When a school is ready to move past simulation, RobotBASIC offers a fully-assembled REAL robot that has nearly all of the sensors as the simulation (perimeter sensors, compass, beacon detector, line sensors, and battery monitoring). This means that AFTER a student gets their program working with the simulation they can IMMEDIATELY control the real robot with the same program, making the real robot perform the same tasks. This system means that schools only have to buy one robot because students get to develop and debug their programs on the simulator. Remember, a real robot is NOT required. Many schools will be happy teaching robotics using ONLY the simulation, which is totally FREE.

We have eight introductory project-based lessons available as PDF downloads available on our EDUCATIONAL MATERIAL page at RobotBASIC.org. Many science and math teachers have never had a programming class, so the lessons are designed to allow students to progress with minimal supervision. RobotBASIC has an extensive built-in HELP system and there are many low-cost books available for those that need a more personal approach.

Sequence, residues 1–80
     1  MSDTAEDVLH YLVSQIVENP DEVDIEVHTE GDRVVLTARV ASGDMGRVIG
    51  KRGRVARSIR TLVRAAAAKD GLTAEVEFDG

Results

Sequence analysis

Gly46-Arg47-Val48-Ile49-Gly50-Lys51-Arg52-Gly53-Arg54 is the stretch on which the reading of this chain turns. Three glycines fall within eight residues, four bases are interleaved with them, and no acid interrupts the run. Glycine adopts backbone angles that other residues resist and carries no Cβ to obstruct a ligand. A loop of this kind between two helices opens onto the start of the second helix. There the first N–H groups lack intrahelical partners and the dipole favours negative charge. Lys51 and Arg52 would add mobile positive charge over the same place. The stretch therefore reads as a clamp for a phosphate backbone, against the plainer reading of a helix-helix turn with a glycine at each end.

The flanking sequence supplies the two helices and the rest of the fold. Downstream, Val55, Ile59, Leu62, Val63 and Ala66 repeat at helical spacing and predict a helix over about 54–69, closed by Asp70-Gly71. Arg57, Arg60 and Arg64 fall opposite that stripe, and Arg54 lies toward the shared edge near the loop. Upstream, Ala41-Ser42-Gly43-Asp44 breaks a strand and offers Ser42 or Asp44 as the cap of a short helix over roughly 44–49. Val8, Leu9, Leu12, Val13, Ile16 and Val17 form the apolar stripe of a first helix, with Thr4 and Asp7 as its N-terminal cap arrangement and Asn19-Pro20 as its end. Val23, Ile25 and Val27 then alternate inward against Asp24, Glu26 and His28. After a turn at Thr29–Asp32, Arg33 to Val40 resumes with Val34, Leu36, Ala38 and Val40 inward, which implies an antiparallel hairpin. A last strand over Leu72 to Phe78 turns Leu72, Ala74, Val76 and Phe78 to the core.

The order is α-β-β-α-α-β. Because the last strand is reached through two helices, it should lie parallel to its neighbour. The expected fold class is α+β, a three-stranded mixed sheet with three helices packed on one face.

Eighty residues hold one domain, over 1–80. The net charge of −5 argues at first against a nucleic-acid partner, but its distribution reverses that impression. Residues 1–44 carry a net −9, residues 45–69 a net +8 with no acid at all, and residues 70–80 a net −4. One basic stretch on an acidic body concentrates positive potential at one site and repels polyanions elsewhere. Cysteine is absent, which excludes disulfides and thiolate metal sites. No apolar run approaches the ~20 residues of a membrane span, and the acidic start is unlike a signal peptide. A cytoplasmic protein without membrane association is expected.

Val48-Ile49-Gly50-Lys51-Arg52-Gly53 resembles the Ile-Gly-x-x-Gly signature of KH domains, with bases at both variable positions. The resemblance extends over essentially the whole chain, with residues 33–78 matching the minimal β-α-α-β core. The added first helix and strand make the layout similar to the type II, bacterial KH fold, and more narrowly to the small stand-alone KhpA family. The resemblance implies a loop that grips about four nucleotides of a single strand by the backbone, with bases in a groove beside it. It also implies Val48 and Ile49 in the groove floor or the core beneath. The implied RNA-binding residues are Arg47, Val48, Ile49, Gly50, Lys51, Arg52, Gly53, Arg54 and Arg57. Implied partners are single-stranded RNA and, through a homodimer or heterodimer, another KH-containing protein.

If you visit www.robotbasic.org, near the top of the home page you will see some links to YouTube videos that show you how easy RobotBASIC is to use. There is also a link to an interview with me recently published by Circuit Cellar Magazine. Below all that, is a summary of the language’s major features.

If I can be of any help or provide you with more information, please let me know.

John Blankenship
Vero Beach, FL
www.RobotBASIC.org

A book is also in the works to provide classroom topics and assignments for science and math courses based on the programming language. This is an exciting gamification effort desperately needed in STEM fields. Outstanding effort by all.

 

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The STEM Challenge, Video Games, and Education

The following is a guest post by Alvina Lopez. Learn more about the STEM Challenge at stemchallenge.org.
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Not only can video games provide a means of helping learners achieve an education, but also they can serve as the impetus for that education. That’s where The National STEM Video Game Challenge comes in, a nationwide contest aimed at promoting our students’ abilities in Science, Technology, Engineering, and Mathematics, subject areas in which our students have fallen behind the rest of the world.